The West Virginia. Cyclopedia
Beckley, West Virginia
The seat of Raleigh County, Beckley, WV, (map) was incorporated in 1838 through the efforts of Alfred Beckley, a young Washingtonian who employed his knowledge of engineering to locate a town in what was then an Allegheny wilderness. The state's eighth-largest city (pop. 17,254 in 2000) developed in the tableland of central Raleigh County and became a center of commerce and transportation. Interstate highways 64 and 77 converge at Beckley. Interstate access, proximity to parkland, and mountainous climate and scenery have been counted among Beckley's attributes.
The largest city in southern West Virginia, Beckley was established in a plateau region southwest of the New River Gorge in north-central Raleigh County and is located approximately 25 miles south of Fayetteville, WV, 50 miles west of Lewisburg, 40 miles north of Bluefield, WV, and 55 miles southeast of Charleston, WV.
The Raleigh County Memorial Airport is located five miles north of Interstate 64 (I-64) in Beaver, WV, east of Beckley. View a map showing location public and private heliports and airports in/near Beckley, WV.
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New River Gorge Lodging: resorts, B&Bs, campgrounds & camping, lodges & cabins, and vacation rentals
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Map of Beckley and Vicinity
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Beckley lies at the center of a regional tourist market fueled by the Winterplace ski area and parks and national park lands along four national rivers. Primary attractions in Beckley include: The Beckley Exhibition Coal Mine provides tours of a historic coal mine tunneled beneath the City of Beckley. Guided tours on period "mancars" are offered April through November while group tours are available by reservation in the winter. New River Park, the largest of five municipal parks in Beckley, serves as a popular recreational facility for Beckley residents and includes a playground, picnic areas, a baseball diamond, a woodland walking trail, game courts for tennis and basketball, and a swimming pool with waterslide. A small full-service campground and the Youth Museum of Southern West Virginia are also located within the park.Tamarack, West Virginia's premier showcase for fine arts, is located in Beckley, off Interstate 77 (I-77) exit 42. Thousands of travelers visit this unique Appalachian cultural complex every year. West Virginia handcrafts and Appalachian cuisine are available for purchase. Tamarack is conveniently located for travelers in Beckley's hotel and restaurant district at I-77 exit 44. Wildwood (c. 1835), home of Beckley-founder Alfred Beckley, has been restored to its late historical appearance and is open for tours. Wildwood Cemetery, where Beckley was buried, is located across South Kanawha Street (originally the first route through the area), but the historical view from Wildwood to the cemetery has been obliterated by the Memorial Baptist Church complex and several private residences.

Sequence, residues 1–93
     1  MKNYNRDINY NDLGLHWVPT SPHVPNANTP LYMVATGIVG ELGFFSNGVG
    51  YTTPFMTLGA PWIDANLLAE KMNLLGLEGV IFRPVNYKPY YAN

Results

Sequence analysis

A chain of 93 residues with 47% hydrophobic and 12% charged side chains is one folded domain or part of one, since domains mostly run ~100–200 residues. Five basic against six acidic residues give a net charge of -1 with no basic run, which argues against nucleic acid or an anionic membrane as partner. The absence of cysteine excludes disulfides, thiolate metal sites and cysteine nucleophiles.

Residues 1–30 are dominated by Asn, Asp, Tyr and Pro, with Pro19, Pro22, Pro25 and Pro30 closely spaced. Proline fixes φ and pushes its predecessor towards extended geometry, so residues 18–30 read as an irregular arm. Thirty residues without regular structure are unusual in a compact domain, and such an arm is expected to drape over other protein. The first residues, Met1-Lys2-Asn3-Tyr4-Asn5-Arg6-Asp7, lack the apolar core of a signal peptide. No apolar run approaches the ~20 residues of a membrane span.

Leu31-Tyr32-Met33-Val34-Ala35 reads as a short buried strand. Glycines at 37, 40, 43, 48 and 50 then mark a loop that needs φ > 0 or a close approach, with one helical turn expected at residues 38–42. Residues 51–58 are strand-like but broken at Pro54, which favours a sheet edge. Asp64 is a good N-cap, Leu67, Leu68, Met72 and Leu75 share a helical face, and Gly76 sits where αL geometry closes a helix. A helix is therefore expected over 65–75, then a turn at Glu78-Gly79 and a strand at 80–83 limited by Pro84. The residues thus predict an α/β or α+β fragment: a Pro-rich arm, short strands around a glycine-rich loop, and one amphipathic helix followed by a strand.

Other Attractions near Beckley, WV
The New River Gorge National River, West Virginia's most popular outdoor-recreation destination, is located to the north and east of Beckley. Several popular hiking trails, campgrounds, fishing areas, and natural and cultural landmarks are located with the parkland, which is administered by the U.S. National Park Service.
Winterplace Ski Resort, West Virginia's most accessable ski resort, is located just off I-77 between Beckley and Bluefield, WV, and attracts hundreds of thousands of skiers from throughout the southeastern U.S.
Little Beaver State Park, east of Beckley off Interstate 77 (I-77), is a popular local-use park which includes hiking trails, an exercise trail, picnic shelters, and Little Beaver Lake, a popular, stocked fishery.
The Outdoor Dramas near Beckley at Grandview -- "Honey in the Rock" and "Hatfields and McCoys" -- have been performed since the early 1970s under the summer stars at the Cliffside Amphitheatre, off Interstate 64 (I-64), part of the New River Gorge National River. Many now-famous singers, dancers, and theatricians have performed on the Cliffside stage over the decades.
Beckley is the medical service center of southern West Virginia. Five hospitals have traditionally operated in Beckley -- Beckley Hospital, Jackie Withrow Hospital (formerly Pinecrest Hospital), Raleigh General Hospital, Beckley Appalachian Regional Hospital, and the Beckley Veterans Administration (VA) Medical Center.
Historic Sites and Districts